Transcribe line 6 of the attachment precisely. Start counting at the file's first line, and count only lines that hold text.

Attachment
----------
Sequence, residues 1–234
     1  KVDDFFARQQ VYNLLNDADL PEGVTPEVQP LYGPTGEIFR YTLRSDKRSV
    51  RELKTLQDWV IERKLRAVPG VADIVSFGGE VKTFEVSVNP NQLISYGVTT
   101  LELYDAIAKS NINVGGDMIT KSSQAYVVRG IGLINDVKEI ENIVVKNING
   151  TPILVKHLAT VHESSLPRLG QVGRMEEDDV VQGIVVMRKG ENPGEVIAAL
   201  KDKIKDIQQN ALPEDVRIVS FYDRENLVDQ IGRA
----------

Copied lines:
   201  KDKIKDIQQN ALPEDVRIVS FYDRENLVDQ IGRA